Published by Rt Hon Damian Green MP, Secretary of State for Work and Pensions on 16 November 2016
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- The Reformer Blog
17 November 2016
We are now more than half way through the major rebuild of the welfare state that began in 2010 (welfare 2.0). The New State Pension has been delivered; Personal Independence Payment is replacing the old Disability Living Allowance; and the new child maintenance system is in place. Automatic enrolment has brought six million people into workplace pension saving already. Meanwhile, Universal Credit is now in every jobcentre in the country and we preparing for the major roll out of the full service next year.
But we are also at the start of a new period of reform. The focus will be on those ‘just managing’, social justice for the million most disadvantaged and strengthening protection for pensioners. Issues like intergenerational fairness are also coming to the fore in public debate. This new period of reform will be less about building than about fitting out – making what we have built work for these new challenges (welfare 2.1, 2.2 etc). For example, Universal Credit offers new opportunities to help people not just get a job but also progress in work. Automatic enrolment ‘phasing’ will move us from proof of concept to creating adequate pensions savings – if contributions go up and opt outs continue to stay low.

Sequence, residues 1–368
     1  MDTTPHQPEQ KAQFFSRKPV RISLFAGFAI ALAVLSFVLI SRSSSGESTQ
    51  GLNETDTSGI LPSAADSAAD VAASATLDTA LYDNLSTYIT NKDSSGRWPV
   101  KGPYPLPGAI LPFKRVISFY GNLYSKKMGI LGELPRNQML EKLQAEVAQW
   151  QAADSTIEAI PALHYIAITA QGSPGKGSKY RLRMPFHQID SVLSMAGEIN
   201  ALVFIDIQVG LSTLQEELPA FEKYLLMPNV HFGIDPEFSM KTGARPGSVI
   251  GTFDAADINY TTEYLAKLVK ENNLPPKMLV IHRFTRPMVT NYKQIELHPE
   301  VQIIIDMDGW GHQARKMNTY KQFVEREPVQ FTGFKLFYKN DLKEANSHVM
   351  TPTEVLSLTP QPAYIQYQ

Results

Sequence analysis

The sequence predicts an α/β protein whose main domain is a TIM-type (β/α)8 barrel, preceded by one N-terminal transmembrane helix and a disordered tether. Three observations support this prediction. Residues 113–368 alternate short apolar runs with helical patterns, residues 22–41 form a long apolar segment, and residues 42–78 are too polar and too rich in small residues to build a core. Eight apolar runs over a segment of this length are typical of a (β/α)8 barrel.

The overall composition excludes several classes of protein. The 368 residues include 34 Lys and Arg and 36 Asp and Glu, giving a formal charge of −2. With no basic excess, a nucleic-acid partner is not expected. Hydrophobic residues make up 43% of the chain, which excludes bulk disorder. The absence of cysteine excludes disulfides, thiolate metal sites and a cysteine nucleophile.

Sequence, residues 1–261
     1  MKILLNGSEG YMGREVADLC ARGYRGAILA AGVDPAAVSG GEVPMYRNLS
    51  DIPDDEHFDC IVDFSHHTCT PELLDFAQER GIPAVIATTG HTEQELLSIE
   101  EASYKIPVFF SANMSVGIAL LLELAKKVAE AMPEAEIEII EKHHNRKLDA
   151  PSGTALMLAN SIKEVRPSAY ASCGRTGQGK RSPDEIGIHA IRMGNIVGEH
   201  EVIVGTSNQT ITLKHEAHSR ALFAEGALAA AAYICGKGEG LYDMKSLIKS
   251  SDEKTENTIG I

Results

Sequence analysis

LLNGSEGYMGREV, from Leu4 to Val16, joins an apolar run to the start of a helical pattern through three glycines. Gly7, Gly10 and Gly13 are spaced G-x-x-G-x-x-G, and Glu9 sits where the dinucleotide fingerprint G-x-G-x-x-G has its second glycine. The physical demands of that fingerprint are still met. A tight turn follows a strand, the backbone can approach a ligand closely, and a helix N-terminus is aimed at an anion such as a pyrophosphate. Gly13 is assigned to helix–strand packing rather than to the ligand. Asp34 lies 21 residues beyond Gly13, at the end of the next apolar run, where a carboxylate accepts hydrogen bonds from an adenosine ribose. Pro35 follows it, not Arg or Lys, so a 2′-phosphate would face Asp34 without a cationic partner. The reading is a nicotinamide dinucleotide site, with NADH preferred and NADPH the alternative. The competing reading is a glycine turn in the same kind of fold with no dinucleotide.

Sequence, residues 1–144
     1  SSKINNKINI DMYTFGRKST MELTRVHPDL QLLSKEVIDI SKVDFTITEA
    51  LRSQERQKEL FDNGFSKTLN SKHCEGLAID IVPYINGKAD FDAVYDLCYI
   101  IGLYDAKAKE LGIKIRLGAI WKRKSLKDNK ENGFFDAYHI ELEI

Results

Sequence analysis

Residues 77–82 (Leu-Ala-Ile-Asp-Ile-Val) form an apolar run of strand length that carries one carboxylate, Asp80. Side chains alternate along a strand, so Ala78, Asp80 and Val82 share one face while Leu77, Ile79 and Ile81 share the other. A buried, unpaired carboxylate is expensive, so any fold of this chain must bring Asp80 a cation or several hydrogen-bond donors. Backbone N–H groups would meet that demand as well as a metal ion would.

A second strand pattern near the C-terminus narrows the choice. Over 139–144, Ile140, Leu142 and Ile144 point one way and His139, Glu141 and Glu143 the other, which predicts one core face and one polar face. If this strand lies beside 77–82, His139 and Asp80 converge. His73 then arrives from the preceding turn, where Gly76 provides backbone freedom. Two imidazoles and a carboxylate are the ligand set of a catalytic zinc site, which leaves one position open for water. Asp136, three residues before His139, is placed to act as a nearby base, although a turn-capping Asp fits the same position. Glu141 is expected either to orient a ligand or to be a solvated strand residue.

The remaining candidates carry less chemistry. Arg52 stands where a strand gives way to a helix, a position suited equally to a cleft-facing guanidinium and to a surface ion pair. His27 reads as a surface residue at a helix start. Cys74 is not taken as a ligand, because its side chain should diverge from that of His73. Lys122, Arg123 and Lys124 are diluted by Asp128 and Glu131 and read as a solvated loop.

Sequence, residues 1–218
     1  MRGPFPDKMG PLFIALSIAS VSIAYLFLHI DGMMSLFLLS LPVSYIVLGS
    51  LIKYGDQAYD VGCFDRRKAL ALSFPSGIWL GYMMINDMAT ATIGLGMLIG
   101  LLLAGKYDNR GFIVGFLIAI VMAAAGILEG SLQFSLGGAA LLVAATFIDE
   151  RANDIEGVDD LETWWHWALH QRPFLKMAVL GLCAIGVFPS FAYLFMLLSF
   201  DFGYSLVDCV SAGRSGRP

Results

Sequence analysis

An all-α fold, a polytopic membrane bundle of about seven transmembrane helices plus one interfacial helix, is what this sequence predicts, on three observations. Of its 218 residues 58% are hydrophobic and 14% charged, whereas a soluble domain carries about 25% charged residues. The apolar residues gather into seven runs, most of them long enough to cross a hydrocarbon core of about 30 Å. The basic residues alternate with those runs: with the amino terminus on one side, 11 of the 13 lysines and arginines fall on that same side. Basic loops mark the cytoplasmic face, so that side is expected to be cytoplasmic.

That’s not to say that there aren’t areas where we do need to carry on the building process. Last month’s green paper produced by the cross-departmental Health Work and Health Unit signalled the start of an ambitious long-term strategy. It needs to involve employers and health professionals as well as the welfare system. To give one example, at some point we will need to look at the way pensioner means-tested benefits work in a world of Universal Credit, and the role of contributory working-age benefits.
And we are clearly entering a period of huge uncertainty both in terms of the economy, with ultra-low interest rates, and in terms of changes to the labour market. If there is no consensus between experts on the overall pace and impact of technological change there will undoubtedly be sectoral change. Workers’ bargaining power vis-à-vis employers is already changing and the welfare system will need to keep up – for example with the rise in poorly remunerated self-employment. To these changes we need to add the reality of an ageing workforce and a rising State Pension age. All this suggests we shall need to think hard about labour market risk insurance; knowledge acquisition and utilisation over a longer working life; and how we increase connectivity, mobility and participation – especially as and when patterns of migration change.
A welfare state that works for all will need to provide not just a safety net but a sure hand when people are confronted by some of the biggest changes in their lives: the arrival of children; relationship stress and separation; deciding on savings and pensions; getting ill or acquiring an impairment; losing a job or looking for a better one. But we now have strong foundations in place – the right policies and structures to deliver a social security system that is fair, supportive and easy to navigate for everyone in society.
Jeremy Moore, Director General, Strategy, Policy and Analysis, Department for Work and Pensions